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This unit study includes lessons and activities based on the book Saint George and the Dragon by Margaret Hodges.
Saint George and the Dragon retells the segment from Spenser’s The Faerie Queene, in which George, the Red Cross Knight, slays the dreadful dragon that has been terrorizing the countryside for years and brings joy to the land.
This story offers a springboard into oodles of learning options: dragons, The Red Cross, knights, legends, and more! Grab our free Saint George and the Dragon unit study and start learning with this classic tale.
Thanks to Melissa Crabtree for preparing this Saint George and the Dragon Unit Study.
Saint George and the Dragon Unit Study Lessons
Here is a sample of the lessons found in this Saint George and the Dragon unit study:
Throughout history dragons have depicted all that is evil in the world. The slaying of a dragon was allegorical of slaying sin. They have also been symbols of power, sovereignty, and in China, good fortune. Have you wondered if dragons ever really existed? The Bible mentions dragons and/or dragon like creatures many times, sometimes metaphorically, and sometimes not. Read Job 41 to your child and compare that creature with the one in our story.
There are animals today that are called dragons, such as the Komodo dragon, the bearded dragon, and the water dragon, but none of these resemble the dragons of long ago.
If dragons did exist, what kind of animals were they? They would have been reptiles: cold-blooded, egg lying, hairless, vertebrates that breath through lungs. Let’s look at a dragon’s anatomy further. The dragon in our story can fly into the sky with the knight because he has wings. It was the wing of the dragon that St. George first wounds. Dragons have very sharp claws. What did the dragon do with the claws? (Grabbed the Knight) What did the knight do to one of the claws? (Cut it off) Do you remember the dragon’s long tail? It had two sharp stings on it and when the Knight was trapped by it he cut the end off. What is special about the dragon’s mouth? It breathes fire, almost killing St. George. How did St. George finally kill the dragon? (By running a spear through its mouth.) Draw a picture of a dragon and label all of its parts.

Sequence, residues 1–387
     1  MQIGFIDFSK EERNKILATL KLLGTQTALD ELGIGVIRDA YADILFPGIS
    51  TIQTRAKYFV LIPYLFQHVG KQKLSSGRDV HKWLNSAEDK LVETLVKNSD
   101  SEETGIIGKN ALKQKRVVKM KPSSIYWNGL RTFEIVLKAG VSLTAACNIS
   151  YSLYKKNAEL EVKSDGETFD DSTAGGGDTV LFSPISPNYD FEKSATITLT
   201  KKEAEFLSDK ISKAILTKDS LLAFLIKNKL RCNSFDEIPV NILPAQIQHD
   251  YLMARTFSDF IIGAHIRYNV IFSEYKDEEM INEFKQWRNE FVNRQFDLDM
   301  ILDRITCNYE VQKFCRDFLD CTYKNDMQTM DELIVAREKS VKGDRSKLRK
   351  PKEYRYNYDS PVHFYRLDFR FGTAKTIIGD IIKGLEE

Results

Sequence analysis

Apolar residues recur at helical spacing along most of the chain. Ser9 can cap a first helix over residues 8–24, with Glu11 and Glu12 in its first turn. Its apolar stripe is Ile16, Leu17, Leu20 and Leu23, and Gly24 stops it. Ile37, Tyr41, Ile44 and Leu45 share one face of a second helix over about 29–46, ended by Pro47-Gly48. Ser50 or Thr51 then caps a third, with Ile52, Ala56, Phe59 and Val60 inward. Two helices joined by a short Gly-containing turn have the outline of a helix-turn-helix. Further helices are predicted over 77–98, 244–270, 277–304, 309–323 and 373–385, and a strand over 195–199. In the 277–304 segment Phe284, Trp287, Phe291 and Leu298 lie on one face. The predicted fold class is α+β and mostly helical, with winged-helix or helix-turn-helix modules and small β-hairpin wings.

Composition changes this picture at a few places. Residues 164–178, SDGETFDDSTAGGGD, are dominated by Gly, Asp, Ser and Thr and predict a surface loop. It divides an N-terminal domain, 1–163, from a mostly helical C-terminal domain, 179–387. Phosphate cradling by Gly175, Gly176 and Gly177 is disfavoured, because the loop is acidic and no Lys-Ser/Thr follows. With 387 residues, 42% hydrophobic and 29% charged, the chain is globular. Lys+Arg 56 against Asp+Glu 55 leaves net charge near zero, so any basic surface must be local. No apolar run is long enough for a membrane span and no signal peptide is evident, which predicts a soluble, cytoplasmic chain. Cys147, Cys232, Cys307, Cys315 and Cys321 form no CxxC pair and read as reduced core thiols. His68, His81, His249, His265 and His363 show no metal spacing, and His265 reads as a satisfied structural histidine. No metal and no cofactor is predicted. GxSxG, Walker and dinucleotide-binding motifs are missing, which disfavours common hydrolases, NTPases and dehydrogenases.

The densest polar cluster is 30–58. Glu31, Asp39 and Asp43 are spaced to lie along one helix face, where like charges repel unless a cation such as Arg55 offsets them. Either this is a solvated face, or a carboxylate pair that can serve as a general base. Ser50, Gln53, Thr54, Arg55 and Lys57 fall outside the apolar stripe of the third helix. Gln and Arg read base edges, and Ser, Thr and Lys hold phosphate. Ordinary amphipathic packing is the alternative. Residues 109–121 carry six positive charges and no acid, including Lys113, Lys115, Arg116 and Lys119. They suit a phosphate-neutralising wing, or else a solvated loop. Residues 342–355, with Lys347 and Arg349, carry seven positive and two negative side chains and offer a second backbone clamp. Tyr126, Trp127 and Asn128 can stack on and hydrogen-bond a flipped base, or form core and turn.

Saint George had to give knight’s service to the Fairy Queen for six years. How many months is that? How many weeks? How many days? How many seasons? (How has your life changed over the past six years? How might it be different six years from now?)
The Middle Ages were from 400 to 1500 AD. How many years is that? How many centuries?
Art: Caldecott Medal
This book received The Caldecott Medal in 1985. The Caldecott Medal is awarded to the artist of the most distinguished American Picture Book for Children published in the United States during the preceding year. The award goes to the artist, who must be a citizen or resident of the United States, whether or not he is the author of the text.
Trina Schart Hyman has won The Caldecott Medal for Little Red Riding Hood in 1984, Saint George and the Dragon, and Caldecott honors for Hershel and the Hanukkah Goblins by Eric Kimmel in 1990 and A Child’s Calendar by John Updike in 2000.
You can grab a copy of the entire Saint George and the Dragon unit study in an easy-to-print file at the end of this post.
How to Get Started with the Saint George and the Dragon Unit Study
Follow these simple instructions to get started with the Saint George and the Dragon unit study:
- Buy a copy of the book, Saint George and the Dragon, or grab one from your local library.
- Print the Saint George and the Dragon unit study.
- Choose the lessons you want to use with your student (a highlighter works great for this).
- Enjoy a week of book-based learning with your student.
Download Your Free Saint George and the Dragon Unit Study
Simply click on the image below to grab the free Saint George and the Dragon unit study.